• SQL/Host Language Bindings (250 pages)
• SQL Transactions (??)
• SQL Temporal objects (??)
• SQL Objects (??)
• Designed to be compatible with SQL92

42
SQL2003
• Further additions to the standard including XML
support and Java bindings, as well as finally
standardizing autoincrement data
• ISO/IEC 9075-142006 defines ways in which SQL
can be used in conjunction with XML.
• It defines ways of importing and storing XML data
in an SQL database, manipulating it within the
database and publishing both XML and conventional
SQL-data in XML form.
• In addition, it provides facilities that permit
applications to integrate into their SQL code the
use of XQuery, the XML Query Language published
by the World Wide Web Consortium (W3C), to
concurrently access ordinary SQL-data and XML
documents.

From the ISO/IEC web site
43
SQL1999
• The SQL/Framework --SQL basic concepts and
general requirements.
• SQL/Call Level Interface (CLI) -- An API for SQL.
This is similar to ODBC.
• SQL/Foundation --The syntax and SQL operations
that are the basis for the language.

44
SQL99
• SQL/Persistent Stored Modules (PSM) --Defines the
rules for developing SQL routines, modules, and
functions such as those used by stored procedures
and triggers. This is implemented in many major
RDBMSs through proprietary, nonportable
languages, but for the first time we have a
standard for writing procedural code that is
transportable across databases.

45
SQL99
• SQL/Host Language Bindings --Define ways to code
embedded SQL in standard programming languages.
This simplifies the approach used by CLIs and
provides performance enhancements.
• SQL Transactions --Transactional support for
RDBMSs.
• SQL Temporal objects --Deal with Time-based data.
• SQL Objects --The new Object-Relational features,
which represent the largest and most important
enhancements to this new standard.

46
SQL99 (Builtin) Data Types
47
SQL Uses
• Database Definition and Querying
• Can be used as an interactive query language
• Can be imbedded in programs
• Relational Calculus combines Select, Project and
Join operations in a single command SELECT

48
SELECT
• Syntax
• SELECT DISTINCT attr1, attr2,, attr3 FROM
rel1 r1, rel2 r2, rel3 r3 WHERE condition1 AND
OR condition2 ORDER BY attr1 DESC, attr3
DESC

49
SELECT
• Syntax
• SELECT a.author, b.title FROM authors a, bibfile
b, au_bib c WHERE a.AU_ID c.AU_ID and c.accno
b.accno ORDER BY a.author
• Examples in Access...

50
SELECT Conditions
• equal to a particular value
• gt greater than or equal to a particular value
• gt greater than a particular value
• lt less than or equal to a particular value
• ltgt not equal to a particular value
• LIKE term (may be other wild cards in other
systems)
• IN (opt1, opt2,,optn)
• BETWEEN val1 AND val2
• IS NULL

51
Relational Algebra Selection using SELECT
• Syntax
• SELECT WHERE condition1 AND OR condition2

52
Relational Algebra Projection using SELECT
• Syntax
• SELECT DISTINCT attr1, attr2,, attr3 FROM
rel1 r1, rel2 r2, rel3 r3

53
• Syntax
• SELECT FROM rel1 r1, rel2 r2 WHERE r1.linkattr

54
Sorting
• SELECT BIOLIFE.Common Name, BIOLIFE.Length
(cm)
• FROM BIOLIFE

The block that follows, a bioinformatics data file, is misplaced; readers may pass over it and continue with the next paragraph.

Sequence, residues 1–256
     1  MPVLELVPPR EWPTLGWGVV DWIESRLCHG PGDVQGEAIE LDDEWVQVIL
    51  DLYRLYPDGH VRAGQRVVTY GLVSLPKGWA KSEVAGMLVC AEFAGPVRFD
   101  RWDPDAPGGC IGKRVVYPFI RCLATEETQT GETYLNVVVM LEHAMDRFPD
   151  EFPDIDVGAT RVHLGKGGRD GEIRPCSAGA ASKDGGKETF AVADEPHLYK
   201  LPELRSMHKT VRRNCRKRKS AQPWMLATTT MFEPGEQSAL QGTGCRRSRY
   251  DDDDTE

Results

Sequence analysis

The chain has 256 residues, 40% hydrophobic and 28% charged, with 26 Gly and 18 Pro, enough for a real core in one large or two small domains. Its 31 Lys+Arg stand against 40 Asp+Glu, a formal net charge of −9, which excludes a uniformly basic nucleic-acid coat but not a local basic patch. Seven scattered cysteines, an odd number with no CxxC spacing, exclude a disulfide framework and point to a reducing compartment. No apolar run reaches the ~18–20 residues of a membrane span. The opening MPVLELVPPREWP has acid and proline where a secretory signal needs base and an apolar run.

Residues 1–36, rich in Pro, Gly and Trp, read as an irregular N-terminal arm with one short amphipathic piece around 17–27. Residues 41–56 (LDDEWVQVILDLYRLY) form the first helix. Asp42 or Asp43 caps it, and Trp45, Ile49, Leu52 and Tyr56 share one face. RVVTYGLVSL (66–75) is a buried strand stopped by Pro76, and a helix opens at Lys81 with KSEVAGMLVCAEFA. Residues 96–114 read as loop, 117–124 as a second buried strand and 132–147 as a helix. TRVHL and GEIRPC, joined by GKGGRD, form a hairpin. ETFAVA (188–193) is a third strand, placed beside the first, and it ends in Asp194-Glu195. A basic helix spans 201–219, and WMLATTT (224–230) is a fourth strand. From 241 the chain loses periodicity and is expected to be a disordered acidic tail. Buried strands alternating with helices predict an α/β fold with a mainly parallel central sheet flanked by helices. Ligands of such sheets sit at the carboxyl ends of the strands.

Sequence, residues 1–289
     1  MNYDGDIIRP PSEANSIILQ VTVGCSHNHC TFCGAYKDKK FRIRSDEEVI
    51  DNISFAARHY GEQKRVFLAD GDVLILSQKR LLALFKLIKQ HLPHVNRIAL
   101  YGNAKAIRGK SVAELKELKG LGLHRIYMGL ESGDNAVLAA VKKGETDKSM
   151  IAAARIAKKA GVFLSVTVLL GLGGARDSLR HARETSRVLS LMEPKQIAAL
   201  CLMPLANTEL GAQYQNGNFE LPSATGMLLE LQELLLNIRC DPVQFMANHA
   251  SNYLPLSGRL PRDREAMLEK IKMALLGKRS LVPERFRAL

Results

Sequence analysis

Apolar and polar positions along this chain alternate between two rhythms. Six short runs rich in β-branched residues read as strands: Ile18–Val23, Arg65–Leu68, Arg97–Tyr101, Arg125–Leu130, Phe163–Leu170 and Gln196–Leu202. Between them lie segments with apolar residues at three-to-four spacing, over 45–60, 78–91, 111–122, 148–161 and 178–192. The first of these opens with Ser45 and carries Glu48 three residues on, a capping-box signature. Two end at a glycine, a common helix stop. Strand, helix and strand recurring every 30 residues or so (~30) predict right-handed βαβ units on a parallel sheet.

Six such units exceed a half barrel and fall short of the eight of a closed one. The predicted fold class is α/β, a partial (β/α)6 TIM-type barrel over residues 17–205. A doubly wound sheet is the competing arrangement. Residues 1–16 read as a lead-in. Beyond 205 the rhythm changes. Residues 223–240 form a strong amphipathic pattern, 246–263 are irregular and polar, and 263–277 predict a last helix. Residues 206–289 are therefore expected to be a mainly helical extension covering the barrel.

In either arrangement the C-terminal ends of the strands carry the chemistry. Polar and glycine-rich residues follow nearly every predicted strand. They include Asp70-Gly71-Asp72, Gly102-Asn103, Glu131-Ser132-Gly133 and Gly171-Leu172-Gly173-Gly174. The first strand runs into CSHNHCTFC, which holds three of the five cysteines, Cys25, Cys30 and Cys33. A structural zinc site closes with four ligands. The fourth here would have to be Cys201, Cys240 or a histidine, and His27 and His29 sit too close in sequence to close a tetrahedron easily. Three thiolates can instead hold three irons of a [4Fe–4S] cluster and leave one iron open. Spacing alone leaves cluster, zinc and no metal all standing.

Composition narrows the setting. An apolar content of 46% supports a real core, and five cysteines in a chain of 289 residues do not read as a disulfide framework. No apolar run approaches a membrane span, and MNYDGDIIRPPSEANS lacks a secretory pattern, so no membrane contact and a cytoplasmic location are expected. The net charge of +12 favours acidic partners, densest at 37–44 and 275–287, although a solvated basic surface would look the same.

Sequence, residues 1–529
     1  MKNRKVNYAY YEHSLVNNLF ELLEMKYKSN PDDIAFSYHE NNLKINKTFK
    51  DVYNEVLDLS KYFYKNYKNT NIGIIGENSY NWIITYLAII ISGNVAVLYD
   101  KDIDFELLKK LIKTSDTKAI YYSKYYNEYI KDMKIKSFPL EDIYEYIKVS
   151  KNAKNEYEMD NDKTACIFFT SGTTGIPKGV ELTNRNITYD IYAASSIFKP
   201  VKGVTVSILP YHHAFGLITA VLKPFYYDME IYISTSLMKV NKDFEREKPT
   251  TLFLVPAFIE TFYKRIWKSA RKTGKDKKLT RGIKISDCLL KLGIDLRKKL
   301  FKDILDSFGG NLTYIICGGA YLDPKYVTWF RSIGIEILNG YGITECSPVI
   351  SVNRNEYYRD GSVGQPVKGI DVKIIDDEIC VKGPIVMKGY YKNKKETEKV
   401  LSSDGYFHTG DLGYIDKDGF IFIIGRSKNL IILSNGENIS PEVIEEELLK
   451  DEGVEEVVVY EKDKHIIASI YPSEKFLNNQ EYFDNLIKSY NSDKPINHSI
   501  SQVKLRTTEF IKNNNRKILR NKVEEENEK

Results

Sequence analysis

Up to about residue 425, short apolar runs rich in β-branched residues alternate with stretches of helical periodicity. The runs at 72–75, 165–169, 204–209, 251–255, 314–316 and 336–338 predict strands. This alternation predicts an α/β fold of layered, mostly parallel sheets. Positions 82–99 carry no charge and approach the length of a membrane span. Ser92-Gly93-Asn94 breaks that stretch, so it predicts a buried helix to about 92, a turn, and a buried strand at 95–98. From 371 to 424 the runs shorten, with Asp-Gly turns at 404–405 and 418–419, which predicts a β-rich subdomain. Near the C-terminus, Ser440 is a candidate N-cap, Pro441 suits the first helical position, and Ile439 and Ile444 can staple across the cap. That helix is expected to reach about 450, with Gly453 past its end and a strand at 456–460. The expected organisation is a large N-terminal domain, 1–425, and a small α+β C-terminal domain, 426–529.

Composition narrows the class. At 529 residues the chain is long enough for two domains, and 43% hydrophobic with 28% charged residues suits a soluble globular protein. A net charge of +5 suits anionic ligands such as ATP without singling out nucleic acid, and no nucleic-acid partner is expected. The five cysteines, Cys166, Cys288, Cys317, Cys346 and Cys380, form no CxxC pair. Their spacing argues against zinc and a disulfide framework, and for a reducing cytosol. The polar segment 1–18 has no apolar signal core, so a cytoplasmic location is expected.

• ORDER BY BIOLIFE.Length (cm) DESC

Note the square brackets are not part of the
standard, But are used in Access for names with
embedded blanks
55
Subqueries
• SELECT SITES.Site Name, SITES.Destination no
• FROM SITES
• WHERE sites.Destination no IN (SELECT
Destination no from DEST where avg temp (f)
gt 78)
• Can be used as a form of JOIN.

56
Aggregate Functions
• Count
• Avg
• SUM
• MAX
• MIN
• Many others are available in different systems

57
Using Aggregate functions
• SELECT attr1, Sum(attr2) AS name
FROM tab1, tab2 ...
• GROUP BY attr1, attr3 HAVING condition

58
Using an Aggregate Function
• SELECT DIVECUST.Name, Sum(Priceqty) AS Total
• FROM (DIVECUST INNER JOIN DIVEORDS ON
DIVECUST.Customer No DIVEORDS.Customer No)
INNER JOIN DIVEITEM ON DIVEORDS.Order No
DIVEITEM.Order No
• GROUP BY DIVECUST.Name
• HAVING (((DIVECUST.Name) Like Jazdzewski))

59
GROUP BY
• SELECT DEST.Destination Name, Count() AS Expr1
• FROM DEST INNER JOIN DIVEORDS ON
DEST.Destination Name DIVEORDS.Destination
• GROUP BY DEST.Destination Name
• HAVING ((Count())gt1)
• Provides a list of Destinations with the number
of orders going to that destination

60
Create Table
• CREATE TABLE table-name (attr1 attr-type
PRIMARYKEY, attr2 attr-type,,attrN attr-type)
• Adds a new table with the specified attributes
(and types) to the database.

61
Access Data Types
• Numeric (1, 2, 4, 8 bytes, fixed or float)
• Text (255 max)
• Memo (64000 max)
• Date/Time (8 bytes)
• Currency (8 bytes, 15 digits 4 digits decimal)
• Autonumber (4 bytes)
• Yes/No (1 bit)
• OLE (limited only by disk space)
• Hyperlinks (up to 64000 chars)

62
Access Numeric types
• Byte
• Stores numbers from 0 to 255 (no fractions). 1
byte
• Integer
• Stores numbers from 32,768 to 32,767 (no
fractions) 2 bytes
• Long Integer (Default)
• Stores numbers from 2,147,483,648 to
2,147,483,647 (no fractions). 4 bytes
• Single
• Stores numbers from -3.402823E38 to 1.401298E45
for negative values and from 1.401298E45 to
3.402823E38 for positive values. 4 bytes
• Double
• Stores numbers from 1.79769313486231E308 to
4.94065645841247E324 for negative values and
from 1.79769313486231E308 to 4.94065645841247E324
for positive values. 15 8 bytes
• Replication ID
• Globally unique identifier (GUID) N/A 16 bytes

63
Oracle Data Types
• CHAR (size) -- max 2000
• VARCHAR2(size) -- up to 4000
• DATE
• DECIMAL, FLOAT, INTEGER, INTEGER(s), SMALLINT,
NUMBER, NUMBER(size,d)
• All numbers internally in same format
• LONG, LONG RAW, LONG VARCHAR
• up to 2 Gb -- only one per table
• BLOB, CLOB, NCLOB -- up to 4 Gb
• BFILE -- file pointer to binary OS file

64
Creating a new table from existing tables
• Syntax
• SELECT DISTINCT attr1, attr2,, attr3 INTO
newtablename FROM rel1 r1, rel2 r2, rel3 r3
WHERE condition1 AND OR condition2 ORDER BY
attr1 DESC, attr3 DESC

65
Using Oracle (NOT YET!)
• Go to My.SIMS from the SIMS internal web site
and click on Oracle (you dont need to do it
again)
• Use SSH to login to dream (unix shell)
• At the command line type sqlplus